This report examines the magnitude and distributions of the preventive effects from the reduction of population drinking on three types of cancer mortality across different gender and age groups in Australia between 1968 and 2011, controlling for the effects of smoking and health expenditure. The report extends our understanding of the role that alcohol plays with respect to liver, pancreatic, head and neck cancers in Australia at an aggregate level.
Relative to wages, the cost of alcohol has reduced considerably in the Northern Territory (NT) over the past 20 years. Lower prices and the resulting increase in demand has contributed to unacceptable levels of harm in the community.
This report examines the available evidence for national levels of expenditure on preventive health over the past 15 years, and compares spending in Australia with that of selected Organisation for Economic Co-operation and Development (OECD) countries.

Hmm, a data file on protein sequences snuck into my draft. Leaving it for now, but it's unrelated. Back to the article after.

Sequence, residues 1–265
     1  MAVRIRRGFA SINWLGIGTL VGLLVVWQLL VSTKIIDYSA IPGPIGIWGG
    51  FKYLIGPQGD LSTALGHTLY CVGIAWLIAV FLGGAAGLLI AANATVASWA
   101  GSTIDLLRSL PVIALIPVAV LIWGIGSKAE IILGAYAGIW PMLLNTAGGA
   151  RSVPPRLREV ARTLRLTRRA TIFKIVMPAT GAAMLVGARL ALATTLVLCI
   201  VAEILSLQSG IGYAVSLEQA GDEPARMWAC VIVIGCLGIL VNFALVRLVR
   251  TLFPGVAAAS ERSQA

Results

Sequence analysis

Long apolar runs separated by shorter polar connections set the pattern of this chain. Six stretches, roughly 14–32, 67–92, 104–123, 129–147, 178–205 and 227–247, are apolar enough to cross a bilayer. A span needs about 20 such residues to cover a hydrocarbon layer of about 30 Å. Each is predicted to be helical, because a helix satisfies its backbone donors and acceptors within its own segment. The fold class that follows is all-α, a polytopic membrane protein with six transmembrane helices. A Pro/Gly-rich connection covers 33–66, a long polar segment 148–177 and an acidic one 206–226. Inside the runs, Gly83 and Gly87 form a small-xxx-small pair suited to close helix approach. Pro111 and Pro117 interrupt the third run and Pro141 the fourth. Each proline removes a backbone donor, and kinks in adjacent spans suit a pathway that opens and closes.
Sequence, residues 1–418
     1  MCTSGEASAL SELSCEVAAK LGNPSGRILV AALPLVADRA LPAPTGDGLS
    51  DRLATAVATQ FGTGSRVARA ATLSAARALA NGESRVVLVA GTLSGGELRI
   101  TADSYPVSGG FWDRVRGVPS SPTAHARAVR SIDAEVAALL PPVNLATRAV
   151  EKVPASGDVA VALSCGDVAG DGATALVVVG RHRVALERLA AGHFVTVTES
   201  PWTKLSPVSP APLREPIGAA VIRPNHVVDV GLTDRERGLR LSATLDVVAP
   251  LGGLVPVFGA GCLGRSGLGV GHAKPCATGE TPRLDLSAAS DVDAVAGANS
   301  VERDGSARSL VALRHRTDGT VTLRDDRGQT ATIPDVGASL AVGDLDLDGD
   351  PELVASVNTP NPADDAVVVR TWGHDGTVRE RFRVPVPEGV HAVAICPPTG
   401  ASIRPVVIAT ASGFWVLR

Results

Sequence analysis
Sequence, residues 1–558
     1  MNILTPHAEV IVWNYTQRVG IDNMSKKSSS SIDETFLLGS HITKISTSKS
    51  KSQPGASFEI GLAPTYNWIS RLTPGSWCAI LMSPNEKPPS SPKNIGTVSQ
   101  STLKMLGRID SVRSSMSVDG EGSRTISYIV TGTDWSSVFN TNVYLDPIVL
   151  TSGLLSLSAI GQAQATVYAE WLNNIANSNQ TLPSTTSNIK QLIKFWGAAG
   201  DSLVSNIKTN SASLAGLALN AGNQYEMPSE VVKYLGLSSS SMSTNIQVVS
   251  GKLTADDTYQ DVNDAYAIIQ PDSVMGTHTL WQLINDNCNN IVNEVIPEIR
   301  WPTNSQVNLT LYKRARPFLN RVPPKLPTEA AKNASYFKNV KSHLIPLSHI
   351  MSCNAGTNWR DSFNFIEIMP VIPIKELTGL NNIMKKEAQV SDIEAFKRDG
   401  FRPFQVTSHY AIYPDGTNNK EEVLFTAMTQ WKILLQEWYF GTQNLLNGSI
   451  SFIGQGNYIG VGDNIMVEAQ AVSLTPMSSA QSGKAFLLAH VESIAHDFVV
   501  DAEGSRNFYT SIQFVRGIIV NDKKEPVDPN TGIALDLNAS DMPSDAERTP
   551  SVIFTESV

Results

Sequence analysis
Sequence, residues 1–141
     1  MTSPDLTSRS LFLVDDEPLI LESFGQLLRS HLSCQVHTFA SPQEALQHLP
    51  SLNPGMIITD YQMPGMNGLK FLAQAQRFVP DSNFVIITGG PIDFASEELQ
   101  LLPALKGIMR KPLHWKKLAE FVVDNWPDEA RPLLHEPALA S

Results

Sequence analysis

This report compares and assesses the policies that regulate the physical availability of alcohol in Australia and the United Kingdom.
This study investigated the tax disclosure strategies of major alcohol and bottling companies operating in Australia, including Australian and foreign owned businesses. Thirteen companies were analysed, through an examination of the effective tax rates and strategies companies used to reduce their tax liability.
Centre for Alcohol Policy Research - This study investigated the packaged liquor market in Victoria between 2001 and 2016, examining changes in availability, ownership patterns and the socioeconomic distribution of outlets.
Hall & Partners Open Mind were engaged by the Foundation for Alcohol Research and Education to conduct an independent evaluation of the Women Want to Know project, which encourages health professionals to routinely discuss alcohol and pregnancy with women.
Foundation for Alcohol Research and Education - This study identifies a variety of claims in relation to the impact of the New South Wales liquor law reforms as either false or grossly exaggerated.